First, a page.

The world’s least developed countries are narrowing ‘digital divide,’ and with millions of people now taking advantage of smart phones and other digital devices, keeping up this momentum can put their societies on the fast track to sustainable development, the United Nations said on Wednesday.
“It is vital that all stakeholders – governments, civil society, the private sector and UN system – continue to build momentum through collaboration and sharing of innovative solutions,” highlighted Fekitamoeloa Katoa ‘Utoikamanu, the top UN official for least developed and other vulnerable countries, launching a new report on universal and affordable Internet.
“Least developed countries with a strong government commitment, recognizing the importance of digital technologies for national development, and backed by enlightened policy and regulatory actions including steps to develop skills, can achieve universal and affordable access to the Internet,” added Houlin Zhao, the Secretary-General of the UN International Telecommunication Union (ITU).
The report, Achieving universal and affordable Internet in least developed countries, also states that the progress augurs well for the implementation of the 2030 Agenda for Sustainable Development, as well as the Istanbul Programme of Action, which charts a development course for least developed countries.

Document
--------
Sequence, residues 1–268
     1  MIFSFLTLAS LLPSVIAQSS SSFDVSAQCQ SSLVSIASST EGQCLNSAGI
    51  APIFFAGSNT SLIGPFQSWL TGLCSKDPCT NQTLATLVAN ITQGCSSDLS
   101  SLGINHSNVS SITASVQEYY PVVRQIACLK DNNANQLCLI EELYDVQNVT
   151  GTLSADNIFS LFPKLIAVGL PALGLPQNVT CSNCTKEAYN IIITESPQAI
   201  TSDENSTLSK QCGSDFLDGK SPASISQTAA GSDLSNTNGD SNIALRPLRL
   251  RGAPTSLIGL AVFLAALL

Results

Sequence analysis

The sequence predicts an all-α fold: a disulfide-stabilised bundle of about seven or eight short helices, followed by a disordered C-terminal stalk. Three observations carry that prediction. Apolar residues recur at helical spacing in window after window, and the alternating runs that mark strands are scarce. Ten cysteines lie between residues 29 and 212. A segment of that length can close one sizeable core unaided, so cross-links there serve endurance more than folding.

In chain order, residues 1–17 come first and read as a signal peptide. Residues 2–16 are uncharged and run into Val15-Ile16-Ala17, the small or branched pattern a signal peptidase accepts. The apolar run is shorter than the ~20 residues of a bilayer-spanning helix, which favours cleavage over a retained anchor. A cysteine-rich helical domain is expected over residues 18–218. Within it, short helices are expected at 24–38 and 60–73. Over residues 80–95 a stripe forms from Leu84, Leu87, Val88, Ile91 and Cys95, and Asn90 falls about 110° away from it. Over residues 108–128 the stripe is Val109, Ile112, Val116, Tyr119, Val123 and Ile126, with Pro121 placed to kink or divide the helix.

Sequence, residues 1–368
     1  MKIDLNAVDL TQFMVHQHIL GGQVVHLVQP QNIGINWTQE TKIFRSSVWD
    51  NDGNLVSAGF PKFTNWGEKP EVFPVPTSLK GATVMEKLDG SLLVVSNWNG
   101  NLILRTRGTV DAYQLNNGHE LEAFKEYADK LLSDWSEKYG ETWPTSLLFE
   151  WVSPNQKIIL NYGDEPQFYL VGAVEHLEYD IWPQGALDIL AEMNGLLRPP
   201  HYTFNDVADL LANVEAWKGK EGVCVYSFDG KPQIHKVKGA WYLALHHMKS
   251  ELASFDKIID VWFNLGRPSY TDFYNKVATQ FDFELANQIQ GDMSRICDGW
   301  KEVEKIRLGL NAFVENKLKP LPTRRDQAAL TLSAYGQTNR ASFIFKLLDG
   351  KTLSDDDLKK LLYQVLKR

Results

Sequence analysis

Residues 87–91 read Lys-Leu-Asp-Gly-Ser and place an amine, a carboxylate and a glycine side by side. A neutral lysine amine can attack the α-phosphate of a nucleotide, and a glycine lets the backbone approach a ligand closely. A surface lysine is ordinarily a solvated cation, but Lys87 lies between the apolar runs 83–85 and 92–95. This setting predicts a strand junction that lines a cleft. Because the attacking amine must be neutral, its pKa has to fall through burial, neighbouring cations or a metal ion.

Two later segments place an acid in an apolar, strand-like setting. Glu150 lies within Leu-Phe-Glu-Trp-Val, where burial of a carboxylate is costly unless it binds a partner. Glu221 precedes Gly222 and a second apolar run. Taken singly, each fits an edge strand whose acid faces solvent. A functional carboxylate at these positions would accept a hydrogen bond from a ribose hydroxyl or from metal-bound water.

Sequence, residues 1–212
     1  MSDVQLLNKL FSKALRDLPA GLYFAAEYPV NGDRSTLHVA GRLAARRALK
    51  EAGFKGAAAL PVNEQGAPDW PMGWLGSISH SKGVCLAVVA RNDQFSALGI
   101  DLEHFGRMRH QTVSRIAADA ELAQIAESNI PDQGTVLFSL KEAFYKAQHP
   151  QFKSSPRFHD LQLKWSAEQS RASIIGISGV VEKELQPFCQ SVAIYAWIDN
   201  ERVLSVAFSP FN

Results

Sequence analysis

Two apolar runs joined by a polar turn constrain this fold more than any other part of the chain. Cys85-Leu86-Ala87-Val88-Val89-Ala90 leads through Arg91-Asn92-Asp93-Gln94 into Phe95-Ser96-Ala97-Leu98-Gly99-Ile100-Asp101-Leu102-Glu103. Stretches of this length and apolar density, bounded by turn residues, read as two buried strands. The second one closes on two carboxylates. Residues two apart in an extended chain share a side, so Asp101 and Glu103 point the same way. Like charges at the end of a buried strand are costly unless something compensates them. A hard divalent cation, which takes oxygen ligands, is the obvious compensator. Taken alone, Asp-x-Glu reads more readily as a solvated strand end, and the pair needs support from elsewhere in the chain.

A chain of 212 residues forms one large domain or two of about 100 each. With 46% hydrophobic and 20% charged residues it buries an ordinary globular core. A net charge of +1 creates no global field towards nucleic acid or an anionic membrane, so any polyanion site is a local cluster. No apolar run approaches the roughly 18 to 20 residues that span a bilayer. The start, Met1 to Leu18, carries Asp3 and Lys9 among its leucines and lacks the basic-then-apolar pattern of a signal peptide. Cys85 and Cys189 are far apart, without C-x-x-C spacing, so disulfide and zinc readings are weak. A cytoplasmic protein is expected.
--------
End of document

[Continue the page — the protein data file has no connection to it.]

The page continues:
A key highlight of the progress is the launch of third generation (3G) mobile telephony and data services in all 47 countries in that category as well as over 60 per cent of the population there covered by a 3G network. Overall, four in five people in these countries have access to mobile-cellular network.
These improvements are already having a positive impact in areas including financial inclusion, poverty reduction and better health services.
Furthermore, the anticipation that these countries will achieve (on average) 97 per cent mobile broadband coverage, making Internet prices relatively affordable by 2020 can translate into strong, home-grown innovation; new business opportunities; and more improvements health and education services, added Ms. ‘Utoikamanu, the UN High Representative for Least Developed Countries, Landlocked Developing Countries and Small Island Developing States.
While the picture is largely positive, there are some gaps which need to be overcome, find the report, including address issues related to limited capacity in information and communication technology (ICT) skills and wider socio-economic matters such as education levels and gender equality.
Corrective action, according to report, can include fostering competition, infrastructure, taxation policies, education and developing ICT sector plans.
The 47 least developed countries represent the most vulnerable segment of the international community. They comprise more than 880 million people – about 12 per cent of world population – but account for less than two per cent of world gross domestic product (GDP) and about one percent of global trade in goods.